Dana White has last word on UFC 118

Updated: August 31, 2010, 9:10 PM ET
By Michael Woods | Special to ESPN.com

UFC 118 is in the books, and while we count down the days to the next marquee events (UFC Fight Night on Sept. 15; UFC 119 on Sept. 25), enough went down in Boston to occupy our minds for a spell.

ESPN.com got on the horn with UFC chief Dana White, the former South Boston resident who skipped Beantown in 1995 to build a fighting empire in Las Vegas, to pick his brain on the UFC's inaugural event in his former hometown.

"The Opinionator" weighed in from Sin City on Frankie Edgar's place on the pound-for-pound ladder, B.J. Penn's legacy and James Toney's plumber's crack.

One and done

White says you should not expect to see boxer James Toney back in the UFC -- unless it's sitting in the front row at a card.

"No, I like James, he's one of my all-time favorites; I have a ton of respect for him, but he's not a mixed martial artist," White said. Toney proved this in sad fashion, getting pummeled and submitted by Couture in 3 minutes, 19 seconds of the first round on Saturday.

Falling dollar

Reports that Toney netted between $750,000 and $1,000,000 for the Couture fight are "bull----," White said, though he declined to give a concrete figure.

Crack kills?

Viewers were somewhat horrified at Toney's plumber's crack on display at Friday's weigh-in. White said he wasn't.

"You should have seen how big he was when we signed the deal! We sent cameras to see him working out and he was working his a-- off."

Erm … not enough, apparently. Toney's inability to push himself away from the table, White said, didn't lose him the fight.

Agreed. Toney could have entered the Octagon at 220, and Couture's skills would've been too much.

Choking hazard

It looked to my eyes as though Boston-area fighter Ken Florian may have reached a point where the tread on his tires is worn down.

White, though, sees something else in the 34-year-old veteran: "I like Kenny, but in big fights, he chokes."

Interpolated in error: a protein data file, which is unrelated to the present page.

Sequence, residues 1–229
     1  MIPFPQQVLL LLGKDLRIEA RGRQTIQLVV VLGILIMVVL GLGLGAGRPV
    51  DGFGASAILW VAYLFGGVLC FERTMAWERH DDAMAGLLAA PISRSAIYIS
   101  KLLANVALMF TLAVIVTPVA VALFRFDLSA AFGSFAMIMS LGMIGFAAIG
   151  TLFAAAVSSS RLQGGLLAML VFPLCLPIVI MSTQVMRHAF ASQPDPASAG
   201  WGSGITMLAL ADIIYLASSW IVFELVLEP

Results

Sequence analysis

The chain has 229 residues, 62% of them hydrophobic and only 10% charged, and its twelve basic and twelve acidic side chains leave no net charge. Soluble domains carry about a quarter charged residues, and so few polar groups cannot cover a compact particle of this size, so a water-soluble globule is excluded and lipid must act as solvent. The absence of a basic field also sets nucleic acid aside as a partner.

Florian (13-5) does not agree and has another take on Gray Maynard's unanimous decision win. "Gray Maynard outwrestled me," Florian told ESPN.com. "I didn't crumble. I know who I am and what the real deal is."

Mileage, according to the fighter, isn't an issue. "I haven't had the [wear-and-tear] career of a brawler."

One great lightweight

Frankie Edgar (12-1) showed he is the real deal, not a mere aberration. "He should absolutely be in the top three, pound-for-pound," White said of the New Jersey fighter.

Rewriting Penn's legacy

"B.J. Penn should be undefeated," White said of the 15-6-1 Hawaiian, who sounded as though he'd be pondering his future hard after getting dominated by Edgar in Boston. "All-time, his legacy … I don't know where he sits now. He couldn't do anything against Edgar. He got completely dominated."

Has Penn slipped athletically? Has he peaked, at age 31? "It looked like it the other night," White said.

Pastries versus White; pastries win UD

White admitted he enjoyed an eating tour of his old haunts. The UFC boss was no match for pastries in the North End.

"I ate too many," he said. "I'm getting my fat, James Toney ass to the gym right now!"

Michael Woods is a contributor to ESPNNewYork.com and ESPN The Magazine and editor of TheSweetScience.com.

Michael Woods, a member of the board of the Boxing Writers Association of America, has been covering boxing since 1991. He writes about boxing for ESPN The Magazine and is the news editor for TheSweetScience.com.